The illustrations in each of
Referring now to
The channel (device) pitch of the legacy readers can be much wider than the channel (device) pitch of the read elements on the other head sections. For example, these readers may be intended to read a legacy tape in which data tracks have been written sufficiently wide that dimensional stability is not an issue.
Referring now to
Referring now to
Referring now to
Referring now to
Referring now to
While embodiments of the invention have been illustrated and described, it is not intended that these embodiments illustrate and describe all possible forms of the invention. For example, words or designations such as first, second, and third, or “A”, “B”, and “C”, or W1, W2, W3 are not meant to convey any particular order or sequence. Rather, the words used in the specification are words of description rather than limitation, and it is understood that various changes may be made without departing from the spirit and scope of the invention.
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|US8159770 *||Jan 13, 2009||Apr 17, 2012||International Business Machines Corporation||Apparatus and method to transfer data to and from a sequential information storage medium|
|US8724250 *||Apr 3, 2012||May 13, 2014||Hewlett-Packard Development Company, L.P.||Reading magnetic tape|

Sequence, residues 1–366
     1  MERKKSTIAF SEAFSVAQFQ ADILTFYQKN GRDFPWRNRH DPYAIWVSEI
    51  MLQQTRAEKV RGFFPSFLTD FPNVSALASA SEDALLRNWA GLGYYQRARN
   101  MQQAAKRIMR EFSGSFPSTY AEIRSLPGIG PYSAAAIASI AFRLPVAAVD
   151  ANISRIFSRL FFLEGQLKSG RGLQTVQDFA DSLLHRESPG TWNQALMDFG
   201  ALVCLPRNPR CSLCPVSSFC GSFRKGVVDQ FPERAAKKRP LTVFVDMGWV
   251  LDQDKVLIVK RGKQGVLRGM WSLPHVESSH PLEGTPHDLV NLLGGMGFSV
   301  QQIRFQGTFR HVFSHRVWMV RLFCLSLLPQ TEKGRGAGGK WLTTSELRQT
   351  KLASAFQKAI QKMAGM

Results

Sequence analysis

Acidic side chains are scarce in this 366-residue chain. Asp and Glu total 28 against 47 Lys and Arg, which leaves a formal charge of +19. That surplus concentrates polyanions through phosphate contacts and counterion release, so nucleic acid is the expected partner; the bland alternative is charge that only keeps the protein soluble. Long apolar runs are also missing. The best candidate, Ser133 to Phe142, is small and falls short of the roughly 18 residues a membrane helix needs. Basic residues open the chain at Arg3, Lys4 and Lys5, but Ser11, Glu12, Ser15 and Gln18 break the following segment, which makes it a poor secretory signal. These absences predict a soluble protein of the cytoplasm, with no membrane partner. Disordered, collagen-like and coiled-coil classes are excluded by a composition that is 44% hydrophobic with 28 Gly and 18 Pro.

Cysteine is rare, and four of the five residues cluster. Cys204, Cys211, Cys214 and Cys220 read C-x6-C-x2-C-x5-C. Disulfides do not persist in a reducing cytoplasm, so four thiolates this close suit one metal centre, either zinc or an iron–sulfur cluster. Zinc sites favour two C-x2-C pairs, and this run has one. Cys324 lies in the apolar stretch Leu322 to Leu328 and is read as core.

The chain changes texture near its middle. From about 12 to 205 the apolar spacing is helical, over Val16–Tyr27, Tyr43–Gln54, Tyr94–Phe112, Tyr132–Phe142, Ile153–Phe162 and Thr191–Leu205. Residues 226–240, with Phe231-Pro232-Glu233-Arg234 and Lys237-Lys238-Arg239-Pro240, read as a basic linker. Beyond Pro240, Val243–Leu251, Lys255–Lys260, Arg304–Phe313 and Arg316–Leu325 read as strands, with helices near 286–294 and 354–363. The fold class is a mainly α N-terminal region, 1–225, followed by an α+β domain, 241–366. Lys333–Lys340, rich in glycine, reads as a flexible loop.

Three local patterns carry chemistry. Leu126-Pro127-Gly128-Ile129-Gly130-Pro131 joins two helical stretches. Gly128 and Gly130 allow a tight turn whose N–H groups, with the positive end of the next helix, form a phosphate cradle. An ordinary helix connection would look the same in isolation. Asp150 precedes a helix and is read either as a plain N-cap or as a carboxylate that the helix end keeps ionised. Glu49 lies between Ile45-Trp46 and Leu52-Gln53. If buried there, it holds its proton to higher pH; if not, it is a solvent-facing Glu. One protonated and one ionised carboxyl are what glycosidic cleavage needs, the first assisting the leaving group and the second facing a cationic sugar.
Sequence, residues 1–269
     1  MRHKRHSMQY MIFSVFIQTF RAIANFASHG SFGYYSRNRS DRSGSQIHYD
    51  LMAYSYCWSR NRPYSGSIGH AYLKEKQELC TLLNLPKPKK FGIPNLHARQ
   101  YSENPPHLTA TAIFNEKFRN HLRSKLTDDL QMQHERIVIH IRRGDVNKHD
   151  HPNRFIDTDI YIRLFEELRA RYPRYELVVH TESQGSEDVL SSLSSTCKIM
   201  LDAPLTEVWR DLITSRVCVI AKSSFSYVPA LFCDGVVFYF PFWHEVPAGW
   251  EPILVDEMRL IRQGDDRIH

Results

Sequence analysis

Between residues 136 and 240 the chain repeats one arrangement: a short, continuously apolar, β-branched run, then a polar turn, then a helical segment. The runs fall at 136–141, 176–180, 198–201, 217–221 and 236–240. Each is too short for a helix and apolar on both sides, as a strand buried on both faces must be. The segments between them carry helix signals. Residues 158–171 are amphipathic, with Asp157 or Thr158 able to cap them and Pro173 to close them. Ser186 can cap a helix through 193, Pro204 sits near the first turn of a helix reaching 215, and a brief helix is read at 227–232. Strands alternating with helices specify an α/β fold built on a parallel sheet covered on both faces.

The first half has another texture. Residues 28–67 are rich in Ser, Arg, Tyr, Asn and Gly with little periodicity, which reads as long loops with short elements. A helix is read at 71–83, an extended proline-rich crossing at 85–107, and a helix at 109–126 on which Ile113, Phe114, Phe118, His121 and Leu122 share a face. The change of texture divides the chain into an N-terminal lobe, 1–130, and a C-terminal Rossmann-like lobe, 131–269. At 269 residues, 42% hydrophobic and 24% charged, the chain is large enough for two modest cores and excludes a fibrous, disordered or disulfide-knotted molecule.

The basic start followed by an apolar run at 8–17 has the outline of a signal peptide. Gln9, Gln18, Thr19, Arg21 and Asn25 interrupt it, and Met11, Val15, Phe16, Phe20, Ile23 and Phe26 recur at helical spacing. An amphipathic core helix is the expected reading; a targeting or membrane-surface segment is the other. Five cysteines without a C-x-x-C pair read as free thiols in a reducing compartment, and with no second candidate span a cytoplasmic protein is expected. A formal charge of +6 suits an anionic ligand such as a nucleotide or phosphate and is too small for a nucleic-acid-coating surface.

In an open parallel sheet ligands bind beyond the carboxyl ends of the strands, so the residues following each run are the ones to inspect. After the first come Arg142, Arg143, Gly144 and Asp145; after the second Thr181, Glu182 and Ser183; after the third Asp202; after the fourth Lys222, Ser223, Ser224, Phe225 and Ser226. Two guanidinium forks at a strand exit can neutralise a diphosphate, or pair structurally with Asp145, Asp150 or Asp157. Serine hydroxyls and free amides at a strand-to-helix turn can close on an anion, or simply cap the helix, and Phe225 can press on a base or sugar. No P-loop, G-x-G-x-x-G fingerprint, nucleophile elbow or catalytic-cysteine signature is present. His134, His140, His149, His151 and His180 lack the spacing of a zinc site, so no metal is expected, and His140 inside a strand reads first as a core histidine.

|US8773810||Jan 20, 2011||Jul 8, 2014||International Business Machines Corporation||Adjustable span recording head|
|US8804270||Feb 11, 2011||Aug 12, 2014||International Business Machines Corporation||Tape head actuator|
|US9158634 *||May 19, 2011||Oct 13, 2015||Hewlett-Packard Development Company, L.P.||Error control coding|
|US20090213493 *||Feb 25, 2008||Aug 27, 2009||Nhan Xuan Bui||Apparatus, system, and method for tape drive head|
|US20100177436 *||Jul 15, 2010||International Business Machines Corporation||Apparatus and method to transfer data to and from a sequential information storage medium|
|US20120200955 *||Apr 17, 2012||Aug 9, 2012||International Business Machines Corporation||Using a read-write data storage device having a dual actuator|
|US20130258519 *||Apr 3, 2012||Oct 3, 2013||Paul W. Poorman||Reading magnetic tape|
|US20140053015 *||May 19, 2011||Feb 20, 2014||John D. Hampton||Error Control Coding|
|U.S. Classification||360/53, 360/129, 360/121|
|International Classification||G11B5/584, G11B5/265, G11B5/09|
|Cooperative Classification||G11B5/00826, G11B5/584, G11B20/1879, G11B2220/93|
|European Classification||G11B5/584, G11B5/008T2F2, G11B20/18R|
|Jan 3, 2007||AS||Assignment|
Owner name: SUN MICROSYSTEMS, INC., CALIFORNIA
Free format text: ASSIGNMENT OF ASSIGNORS INTEREST;ASSIGNOR:WATSON, MARK L.;REEL/FRAME:018763/0873
Effective date: 20070102
|Aug 22, 2012||FPAY||Fee payment|
Year of fee payment: 4
|Dec 16, 2015||AS||Assignment|
Owner name: ORACLE AMERICA, INC., CALIFORNIA
Free format text: MERGER AND CHANGE OF NAME;ASSIGNORS:ORACLE USA, INC.;SUN MICROSYSTEMS, INC.;ORACLE AMERICA, INC.;REEL/FRAME:037304/0137
Effective date: 20100212